In this article we will discuss about the features and significance of oomycetes.
Salient Features of Oomycetes:
Oomycetes contain 74 genera with 580 species. The members of the class Oomycetes are characterized by the oogamous type of sexual reproduction and the presence of biflagellate zoospores which lack cell wall. The gametes are non-flagellate.
The members of the class are typically aquatic, either free-living (i.e., saprophytic) or parasitic on algae, acquatic fungi, small animals, and other forms of aquatic life. Some Oomycetes are terrestrial and many of them cause downy mildew diseases on higher plants.
The salient features of the class are as follows:
(i) Most of the members are aquatic but some grow on the soil and the others attack the shoots of terrestrial plants.
(ii) The primitive forms are unicellular, whereas the advanced forms have a well-developed branched, filamentous, and coenocytic mycelium.
(iii) The cell wall is mainly composed of cellulose-β-glucan and chitin is altogether absent.
(iv) A sexual reproduction takes place by means of pyriform or reniform biflagellate zoospores, which are devoid of cell wall. In pyriform zoospores, the flagella are attached anteriorly and in reniform laterally. One flagellum is of whiplash type and the other of tinsel type.
(v) In primitive aquatic form, zoosporangia are not well differentiated from somatic hyphae, whereas in advanced forms distinct zoosprangia are found.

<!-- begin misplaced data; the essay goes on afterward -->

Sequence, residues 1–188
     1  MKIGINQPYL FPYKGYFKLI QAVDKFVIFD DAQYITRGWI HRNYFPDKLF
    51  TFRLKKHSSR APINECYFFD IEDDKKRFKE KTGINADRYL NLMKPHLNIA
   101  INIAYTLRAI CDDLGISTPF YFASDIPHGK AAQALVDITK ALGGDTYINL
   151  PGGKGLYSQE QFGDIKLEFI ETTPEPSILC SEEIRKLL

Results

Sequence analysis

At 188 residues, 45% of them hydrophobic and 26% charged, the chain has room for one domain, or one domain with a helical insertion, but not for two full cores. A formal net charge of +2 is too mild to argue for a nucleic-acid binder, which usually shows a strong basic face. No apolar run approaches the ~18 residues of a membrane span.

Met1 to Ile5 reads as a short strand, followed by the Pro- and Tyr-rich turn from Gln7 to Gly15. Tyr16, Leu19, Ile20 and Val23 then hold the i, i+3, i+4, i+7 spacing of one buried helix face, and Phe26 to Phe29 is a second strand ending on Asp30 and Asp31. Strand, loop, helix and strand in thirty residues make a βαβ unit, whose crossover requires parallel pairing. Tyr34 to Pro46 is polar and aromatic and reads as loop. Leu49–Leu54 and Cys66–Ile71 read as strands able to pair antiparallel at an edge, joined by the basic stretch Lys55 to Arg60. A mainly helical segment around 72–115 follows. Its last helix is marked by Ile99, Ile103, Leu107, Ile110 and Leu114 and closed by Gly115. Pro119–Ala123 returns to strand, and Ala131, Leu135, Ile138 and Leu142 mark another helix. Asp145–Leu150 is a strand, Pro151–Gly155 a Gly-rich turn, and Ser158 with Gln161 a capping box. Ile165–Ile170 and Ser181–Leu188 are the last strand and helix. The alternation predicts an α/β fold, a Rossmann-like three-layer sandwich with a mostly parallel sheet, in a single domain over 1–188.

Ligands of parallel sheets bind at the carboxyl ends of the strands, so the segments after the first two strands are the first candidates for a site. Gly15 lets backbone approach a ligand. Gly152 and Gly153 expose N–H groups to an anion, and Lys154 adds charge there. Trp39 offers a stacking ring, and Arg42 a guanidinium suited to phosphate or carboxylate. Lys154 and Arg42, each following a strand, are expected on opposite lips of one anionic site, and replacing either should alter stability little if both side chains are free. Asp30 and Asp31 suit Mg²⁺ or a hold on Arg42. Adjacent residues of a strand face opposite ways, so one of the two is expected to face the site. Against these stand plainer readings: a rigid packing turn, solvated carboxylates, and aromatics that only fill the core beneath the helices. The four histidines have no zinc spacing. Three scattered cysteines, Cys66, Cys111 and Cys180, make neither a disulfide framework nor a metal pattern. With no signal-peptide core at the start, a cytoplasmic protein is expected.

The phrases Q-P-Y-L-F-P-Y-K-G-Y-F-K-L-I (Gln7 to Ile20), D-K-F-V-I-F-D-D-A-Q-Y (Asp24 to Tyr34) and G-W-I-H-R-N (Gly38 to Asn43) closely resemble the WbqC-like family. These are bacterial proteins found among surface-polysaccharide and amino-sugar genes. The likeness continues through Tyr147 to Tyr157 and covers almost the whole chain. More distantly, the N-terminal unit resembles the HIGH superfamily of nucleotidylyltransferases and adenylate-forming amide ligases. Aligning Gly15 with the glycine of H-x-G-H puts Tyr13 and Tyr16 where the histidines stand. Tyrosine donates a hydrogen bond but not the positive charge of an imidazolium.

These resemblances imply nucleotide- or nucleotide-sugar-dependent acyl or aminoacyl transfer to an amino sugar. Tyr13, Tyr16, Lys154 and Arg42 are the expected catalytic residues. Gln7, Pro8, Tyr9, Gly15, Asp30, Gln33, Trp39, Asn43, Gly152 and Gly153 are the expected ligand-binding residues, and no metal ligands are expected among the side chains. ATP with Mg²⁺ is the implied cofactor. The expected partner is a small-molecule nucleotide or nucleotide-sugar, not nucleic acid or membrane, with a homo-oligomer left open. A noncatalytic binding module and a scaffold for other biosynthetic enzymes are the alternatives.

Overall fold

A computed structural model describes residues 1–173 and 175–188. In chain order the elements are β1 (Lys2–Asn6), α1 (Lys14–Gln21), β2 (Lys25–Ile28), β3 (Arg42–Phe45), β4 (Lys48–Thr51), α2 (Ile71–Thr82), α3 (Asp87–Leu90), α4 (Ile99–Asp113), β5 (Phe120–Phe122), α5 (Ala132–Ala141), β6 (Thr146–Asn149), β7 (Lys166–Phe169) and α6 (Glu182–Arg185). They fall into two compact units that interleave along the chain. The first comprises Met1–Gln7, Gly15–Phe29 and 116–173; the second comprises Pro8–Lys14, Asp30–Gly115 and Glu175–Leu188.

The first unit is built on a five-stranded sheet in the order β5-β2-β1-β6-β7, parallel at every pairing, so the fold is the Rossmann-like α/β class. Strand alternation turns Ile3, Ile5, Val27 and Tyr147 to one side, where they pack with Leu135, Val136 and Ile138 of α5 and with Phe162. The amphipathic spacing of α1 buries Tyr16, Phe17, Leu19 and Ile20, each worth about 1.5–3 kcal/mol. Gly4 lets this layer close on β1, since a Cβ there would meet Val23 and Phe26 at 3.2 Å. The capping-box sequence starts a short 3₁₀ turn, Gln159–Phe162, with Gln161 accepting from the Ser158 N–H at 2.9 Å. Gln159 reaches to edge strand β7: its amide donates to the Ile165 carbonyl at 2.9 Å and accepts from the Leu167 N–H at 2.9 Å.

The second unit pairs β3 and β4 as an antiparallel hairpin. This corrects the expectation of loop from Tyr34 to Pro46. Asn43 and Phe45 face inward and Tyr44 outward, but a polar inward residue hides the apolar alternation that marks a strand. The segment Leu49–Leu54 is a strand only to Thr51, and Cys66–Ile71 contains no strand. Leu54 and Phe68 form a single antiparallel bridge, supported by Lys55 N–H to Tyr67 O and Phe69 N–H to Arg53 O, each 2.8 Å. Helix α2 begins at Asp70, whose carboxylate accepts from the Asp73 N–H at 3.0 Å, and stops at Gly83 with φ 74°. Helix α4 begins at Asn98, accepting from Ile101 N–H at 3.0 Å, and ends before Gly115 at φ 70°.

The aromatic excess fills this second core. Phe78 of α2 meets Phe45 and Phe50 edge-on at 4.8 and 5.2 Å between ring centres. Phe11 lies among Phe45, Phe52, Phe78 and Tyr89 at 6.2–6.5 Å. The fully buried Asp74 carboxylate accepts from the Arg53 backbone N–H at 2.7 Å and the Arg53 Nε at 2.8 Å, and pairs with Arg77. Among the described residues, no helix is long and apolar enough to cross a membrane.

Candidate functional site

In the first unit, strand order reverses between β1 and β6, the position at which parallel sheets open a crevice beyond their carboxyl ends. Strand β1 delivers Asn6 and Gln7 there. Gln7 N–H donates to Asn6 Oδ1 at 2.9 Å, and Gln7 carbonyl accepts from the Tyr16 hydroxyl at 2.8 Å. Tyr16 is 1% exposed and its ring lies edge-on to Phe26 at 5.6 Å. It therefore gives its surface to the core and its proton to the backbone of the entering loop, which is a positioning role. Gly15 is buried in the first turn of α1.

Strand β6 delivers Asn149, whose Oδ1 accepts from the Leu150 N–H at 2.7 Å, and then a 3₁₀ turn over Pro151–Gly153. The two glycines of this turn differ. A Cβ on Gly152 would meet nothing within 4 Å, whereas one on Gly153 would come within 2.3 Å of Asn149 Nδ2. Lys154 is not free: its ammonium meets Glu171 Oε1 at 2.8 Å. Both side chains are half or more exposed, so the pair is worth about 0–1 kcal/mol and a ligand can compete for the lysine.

(vi) Some forms also produce non-motile asexual spores, known as conidia.
(vii) Most of the Oomycetes are eucarpic, but the members of the order Lagenidiales are holocarpic.
(viii) The sexual reproduction is of oogamous type. The male and female sex organs are known as antheridia and oogonia, respectively. The sex organs are either terminal or intercalary.
(ix) It is now established that meiosis in Oomycetes takes place within the diploid nuclei of gametangia (antheridia and oogonia) hence is called gametangial-meiosis. That is, zygotic meiosis is absent. As a result, the vegetative thallus is diploid.
(x) The gametes are non-flagellate. The fusion of gametes results in the formation of thick-walled oospores.
(xi) Oomycets show interesting parallel changes in their biology and morphology, which are closely connected with their phylogeny.
These changes are the following:
(a) Transition from aquatic to terrestrial existence.
(b) Replacement of sporangia producing zoospores by conidia, a change from water-dispersal to air-dispersal.
(c) Alteration is biological requirements from saprophytism to obligate parasitism.
(d) Refinement of parasitism increasing host specificity and even organ specificity.
Significance of Oomycetes:
(i) Many terrestrial Oomycetes cause serious plant diseases such as late blight of potato (Phytophthora infestans), downy mildew of grape-wine (Plasmopara viticola), white rust of crucifers (Albugo candida), damping off of seedlings (Pythium spp.) and others.
(ii) Late blight of potato (Phytophthora infestans) and downy mildew of grape-vine (Plasmopara viticola) are historically very important. The late blight of potato resulted in Irish Famine’ in mid-19th century that caused death of millions of people and Europe. Downy mildew of grape-vine (Plasmopara viticola) helped Prof. Millardet to discover the first fungicide called ‘Bordeaux mixture’.
(iii) Many members of this group help understand the evolutionary migration of fungi from aquatic to terrestrial environments.